Why is Lead in Paint?
Lead is one of the basic elements represented by a symbol Pb, which is derived from the Latin word, Plumbum. Considered to be a heavy metal, lead is characterized as a soft, malleable, poor kind of metal. Lead varies in color depending on what state it is in. if it is freshly cut it exudes a bluish-white color. As it begins to get exposed to air, it gradually turns into a dull gray color. When dissolved to its liquid form, lead becomes a shiny chrome-silver luster. It was first discovered in Turkey during the 6400 BC and was found to have the highest atomic number among other stable elements. Today, this element is most commonly used in construction purposes as well as in batteries, bullets, solders and in radiation shields.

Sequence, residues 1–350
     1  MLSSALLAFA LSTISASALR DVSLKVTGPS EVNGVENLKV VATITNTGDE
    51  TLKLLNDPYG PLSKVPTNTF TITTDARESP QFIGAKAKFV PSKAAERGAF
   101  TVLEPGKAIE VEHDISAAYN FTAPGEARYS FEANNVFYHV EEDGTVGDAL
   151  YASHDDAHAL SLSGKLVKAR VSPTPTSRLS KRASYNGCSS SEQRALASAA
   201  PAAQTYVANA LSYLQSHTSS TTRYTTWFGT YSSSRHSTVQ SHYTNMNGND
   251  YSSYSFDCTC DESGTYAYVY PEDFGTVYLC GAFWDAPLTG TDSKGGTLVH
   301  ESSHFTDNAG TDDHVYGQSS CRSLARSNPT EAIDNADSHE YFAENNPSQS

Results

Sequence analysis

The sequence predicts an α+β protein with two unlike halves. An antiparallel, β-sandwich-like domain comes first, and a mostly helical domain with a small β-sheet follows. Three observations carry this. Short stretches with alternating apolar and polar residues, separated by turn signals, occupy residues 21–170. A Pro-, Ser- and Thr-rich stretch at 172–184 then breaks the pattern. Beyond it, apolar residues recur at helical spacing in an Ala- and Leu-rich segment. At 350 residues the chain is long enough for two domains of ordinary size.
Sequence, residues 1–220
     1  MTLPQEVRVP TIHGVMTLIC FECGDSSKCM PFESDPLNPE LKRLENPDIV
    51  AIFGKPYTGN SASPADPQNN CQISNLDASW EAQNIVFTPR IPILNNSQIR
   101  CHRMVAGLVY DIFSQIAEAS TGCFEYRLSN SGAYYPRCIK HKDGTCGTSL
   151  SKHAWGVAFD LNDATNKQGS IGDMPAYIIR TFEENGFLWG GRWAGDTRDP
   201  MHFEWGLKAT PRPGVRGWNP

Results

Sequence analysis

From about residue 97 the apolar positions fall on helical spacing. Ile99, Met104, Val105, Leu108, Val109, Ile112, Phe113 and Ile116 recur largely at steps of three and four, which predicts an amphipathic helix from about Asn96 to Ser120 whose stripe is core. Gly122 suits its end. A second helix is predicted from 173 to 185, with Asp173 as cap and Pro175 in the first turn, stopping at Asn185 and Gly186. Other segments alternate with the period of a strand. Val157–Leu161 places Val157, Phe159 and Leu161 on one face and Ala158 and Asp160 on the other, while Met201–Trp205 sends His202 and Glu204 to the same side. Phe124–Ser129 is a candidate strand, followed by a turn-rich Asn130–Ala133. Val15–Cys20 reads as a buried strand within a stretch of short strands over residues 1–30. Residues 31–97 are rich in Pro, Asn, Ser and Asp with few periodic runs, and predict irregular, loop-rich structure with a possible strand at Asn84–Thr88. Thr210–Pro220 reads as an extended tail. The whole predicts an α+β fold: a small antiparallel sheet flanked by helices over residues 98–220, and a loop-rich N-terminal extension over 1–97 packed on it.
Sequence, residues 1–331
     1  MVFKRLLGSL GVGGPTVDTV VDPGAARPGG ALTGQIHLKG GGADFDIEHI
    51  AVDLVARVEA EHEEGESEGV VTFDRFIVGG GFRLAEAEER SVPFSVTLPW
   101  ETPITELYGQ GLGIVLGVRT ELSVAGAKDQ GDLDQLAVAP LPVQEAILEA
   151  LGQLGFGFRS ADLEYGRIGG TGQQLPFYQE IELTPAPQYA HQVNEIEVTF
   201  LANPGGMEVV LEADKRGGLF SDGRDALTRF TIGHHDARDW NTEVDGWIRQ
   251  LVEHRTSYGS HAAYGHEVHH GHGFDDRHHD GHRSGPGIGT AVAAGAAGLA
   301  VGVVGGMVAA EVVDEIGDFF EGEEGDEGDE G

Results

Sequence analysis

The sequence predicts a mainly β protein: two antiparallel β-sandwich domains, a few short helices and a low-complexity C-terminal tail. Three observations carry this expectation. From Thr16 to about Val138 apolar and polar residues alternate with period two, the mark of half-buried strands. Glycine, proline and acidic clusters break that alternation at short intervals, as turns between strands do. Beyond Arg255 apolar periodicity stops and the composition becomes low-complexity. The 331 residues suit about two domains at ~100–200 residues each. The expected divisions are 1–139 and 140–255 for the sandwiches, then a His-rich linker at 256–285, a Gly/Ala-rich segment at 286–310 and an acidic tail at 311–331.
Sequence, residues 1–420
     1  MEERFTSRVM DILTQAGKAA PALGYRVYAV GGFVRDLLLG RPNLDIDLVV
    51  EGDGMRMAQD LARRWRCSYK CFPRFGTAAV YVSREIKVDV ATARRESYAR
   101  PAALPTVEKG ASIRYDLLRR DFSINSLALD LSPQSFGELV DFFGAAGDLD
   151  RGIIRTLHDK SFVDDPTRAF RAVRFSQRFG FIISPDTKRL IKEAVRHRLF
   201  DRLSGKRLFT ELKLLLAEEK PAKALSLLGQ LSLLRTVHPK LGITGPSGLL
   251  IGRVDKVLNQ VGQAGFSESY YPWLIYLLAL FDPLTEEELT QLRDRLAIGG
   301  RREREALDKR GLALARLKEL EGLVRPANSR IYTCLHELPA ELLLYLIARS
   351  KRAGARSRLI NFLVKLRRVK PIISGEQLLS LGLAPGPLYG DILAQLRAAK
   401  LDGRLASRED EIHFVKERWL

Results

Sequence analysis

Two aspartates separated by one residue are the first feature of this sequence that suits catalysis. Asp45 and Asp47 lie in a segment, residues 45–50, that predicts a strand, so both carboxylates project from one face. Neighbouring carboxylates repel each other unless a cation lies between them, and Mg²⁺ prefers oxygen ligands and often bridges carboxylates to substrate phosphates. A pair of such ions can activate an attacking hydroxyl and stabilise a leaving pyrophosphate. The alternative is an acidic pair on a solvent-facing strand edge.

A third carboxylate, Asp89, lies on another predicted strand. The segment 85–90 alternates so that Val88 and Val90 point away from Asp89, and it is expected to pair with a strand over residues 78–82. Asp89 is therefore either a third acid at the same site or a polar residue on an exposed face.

Many households and infrastructures of this modern age have been using paint to add color and vibrancy to its appearance. And it was discovered that one of the most common ingredient found in most paints are lead. Lead-based paints were found to cause detrimental effects to one’s health, especially if ingested or excessively exposed to. One of the most serious effects of lead is toxicity. It was discovered that lead paint can cause serious nervous system damage and can perpetuate late development among children. However, despite its ill effects, it is continually used because the properties of lead enhances and improves the quality of paint being produced. More so, paint is highly dependent on the compounds of lead to provide it with its color, such as the white lead paint or the yellow lead chromate. Another use of lead in paint is that it has the ability to neutralize acidic decomposition of products, keeping it tough, flexible and crack resistant for longer period of time.